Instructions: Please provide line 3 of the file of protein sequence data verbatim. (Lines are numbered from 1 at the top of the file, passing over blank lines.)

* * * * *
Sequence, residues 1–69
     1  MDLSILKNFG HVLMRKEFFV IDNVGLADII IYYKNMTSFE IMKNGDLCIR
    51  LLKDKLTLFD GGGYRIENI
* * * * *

    51  LLKDKLTLFD GGGYRIENI